Department ofMathematics

Anne Cook

Anne Cook

Visiting Assistant Professor

253-535-8621 (office)



  • Sunday:
  • Monday:12:00 pm - 2:00 pm
  • Tuesday:1:40 pm - 2:00 pm
  • Wednesday:12:00 pm - 2:00 pm
  • Thursday:1:40 pm - 2:00 pm
  • Friday:12:00 pm - 2:00 pm
  • Saturday:



Statistics, Probability


Ph.D. in Mathematics, American University, 1983

M.A. in Computer Science, Duke University, 1971

B.S. in Mathematics, Duke University, 1970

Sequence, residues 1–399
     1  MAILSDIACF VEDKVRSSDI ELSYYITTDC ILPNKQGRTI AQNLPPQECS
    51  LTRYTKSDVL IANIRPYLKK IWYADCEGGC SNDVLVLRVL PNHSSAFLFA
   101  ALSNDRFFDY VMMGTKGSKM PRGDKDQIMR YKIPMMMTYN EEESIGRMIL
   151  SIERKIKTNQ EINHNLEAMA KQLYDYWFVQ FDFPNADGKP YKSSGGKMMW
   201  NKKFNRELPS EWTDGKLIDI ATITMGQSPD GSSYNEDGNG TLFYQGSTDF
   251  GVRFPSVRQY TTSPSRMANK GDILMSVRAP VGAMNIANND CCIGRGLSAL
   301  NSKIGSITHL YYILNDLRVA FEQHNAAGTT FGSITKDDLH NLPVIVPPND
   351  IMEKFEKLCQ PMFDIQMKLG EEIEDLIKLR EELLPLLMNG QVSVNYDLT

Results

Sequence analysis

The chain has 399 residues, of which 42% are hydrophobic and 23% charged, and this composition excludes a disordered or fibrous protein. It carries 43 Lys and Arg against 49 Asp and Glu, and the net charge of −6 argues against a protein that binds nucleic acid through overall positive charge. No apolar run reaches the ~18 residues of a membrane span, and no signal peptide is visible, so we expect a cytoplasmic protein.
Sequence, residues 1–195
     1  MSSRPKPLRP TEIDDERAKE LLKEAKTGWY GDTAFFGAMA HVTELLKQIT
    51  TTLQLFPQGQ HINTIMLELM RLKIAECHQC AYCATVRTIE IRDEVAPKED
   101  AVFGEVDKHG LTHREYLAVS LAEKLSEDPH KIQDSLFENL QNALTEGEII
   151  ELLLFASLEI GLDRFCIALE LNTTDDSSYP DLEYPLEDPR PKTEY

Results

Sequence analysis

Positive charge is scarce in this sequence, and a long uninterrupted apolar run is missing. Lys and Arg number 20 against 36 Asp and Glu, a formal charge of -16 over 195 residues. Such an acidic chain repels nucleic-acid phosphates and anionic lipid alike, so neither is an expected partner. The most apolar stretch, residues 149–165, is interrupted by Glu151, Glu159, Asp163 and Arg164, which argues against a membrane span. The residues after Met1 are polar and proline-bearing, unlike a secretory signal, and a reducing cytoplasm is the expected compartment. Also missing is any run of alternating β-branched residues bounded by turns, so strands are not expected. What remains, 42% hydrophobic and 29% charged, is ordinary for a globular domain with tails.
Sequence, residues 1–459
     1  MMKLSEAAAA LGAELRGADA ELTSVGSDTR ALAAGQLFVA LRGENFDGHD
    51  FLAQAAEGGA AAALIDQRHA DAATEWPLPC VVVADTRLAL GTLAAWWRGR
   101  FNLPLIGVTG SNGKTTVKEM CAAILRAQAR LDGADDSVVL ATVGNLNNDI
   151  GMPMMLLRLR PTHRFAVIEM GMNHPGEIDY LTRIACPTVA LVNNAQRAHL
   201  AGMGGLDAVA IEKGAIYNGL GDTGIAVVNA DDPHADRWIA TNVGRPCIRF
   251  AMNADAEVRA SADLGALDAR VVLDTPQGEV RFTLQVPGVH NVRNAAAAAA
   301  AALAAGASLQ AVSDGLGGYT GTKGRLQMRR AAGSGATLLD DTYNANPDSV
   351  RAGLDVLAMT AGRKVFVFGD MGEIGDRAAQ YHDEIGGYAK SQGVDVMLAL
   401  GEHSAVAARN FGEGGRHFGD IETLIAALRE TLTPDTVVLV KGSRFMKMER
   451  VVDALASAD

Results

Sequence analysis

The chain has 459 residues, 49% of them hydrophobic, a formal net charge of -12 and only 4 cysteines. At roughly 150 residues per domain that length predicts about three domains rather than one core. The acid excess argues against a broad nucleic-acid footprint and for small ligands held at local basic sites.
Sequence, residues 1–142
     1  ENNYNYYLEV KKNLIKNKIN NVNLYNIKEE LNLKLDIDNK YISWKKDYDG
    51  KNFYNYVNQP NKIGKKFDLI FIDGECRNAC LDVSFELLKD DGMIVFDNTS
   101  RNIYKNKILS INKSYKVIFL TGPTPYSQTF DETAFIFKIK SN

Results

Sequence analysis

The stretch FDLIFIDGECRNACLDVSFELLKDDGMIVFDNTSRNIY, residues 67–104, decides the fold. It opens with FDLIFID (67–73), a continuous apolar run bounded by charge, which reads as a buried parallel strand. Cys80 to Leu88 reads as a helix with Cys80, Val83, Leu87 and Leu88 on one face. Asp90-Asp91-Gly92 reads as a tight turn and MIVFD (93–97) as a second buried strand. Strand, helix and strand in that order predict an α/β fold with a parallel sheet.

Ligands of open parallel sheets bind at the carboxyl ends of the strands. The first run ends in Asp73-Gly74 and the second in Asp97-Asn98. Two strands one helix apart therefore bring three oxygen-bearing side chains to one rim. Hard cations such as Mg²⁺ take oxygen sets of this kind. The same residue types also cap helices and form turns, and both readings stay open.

Anne Welsh was born in Hilo, Hawaii in 1948. Her father was a career Military Officer, and the family moved to Kansas, Alaska, Pennsylvania, Portland, and Virginia. She earned her B.S. in Math at Duke U. in 1970. Anne wrote her Master’s thesis in Math/Engineering in 1971, while working part-time in the Biostatistics unit of the Duke Hospital. The thesis was called “Page Replacement Policies for Virtual Storage Computers”. In 1971 she started a career in government , working as a Mathematical- Statistician for the Census Bureau. At first, she wrote computer programs to pick national samples. Then she worked as a contractor for the National Institutes of Health , the Bureau of Labor Statistics, and the Dept. of Education. It seemed to Anne that Statisticians were able to make all the fun decisions, so in 1978, she decided to get her PhD at American U. in D.C. Her advisor was Dr. Robert Jernigan and her dissertation was on “Asymmetric Time Series”, completed in 1983. Her favorite mentor was Dr. Mary Gray, who earned her law degree while she was chair of the Math Dept and was president of NOW. Anne was an instructor at American U. and taught classes in Calculus, Business Statistics and Computer Science. From 1983-1987 Anne was at P.L.U., teaching Statistics, intro computer courses, and some graduate level courses. She was on the Rank and Tenure Committee, gave some talks, such as “Women in Mathematics” and helped with several capstone projects. Dr. Cook is primarily interested in teaching at P.L.U. where she’s been part-time faculty since 2006. She is interested in helping to test theories of almost anything, using Probability, Statistics, Demographics, Epidemiology, and Econometrics.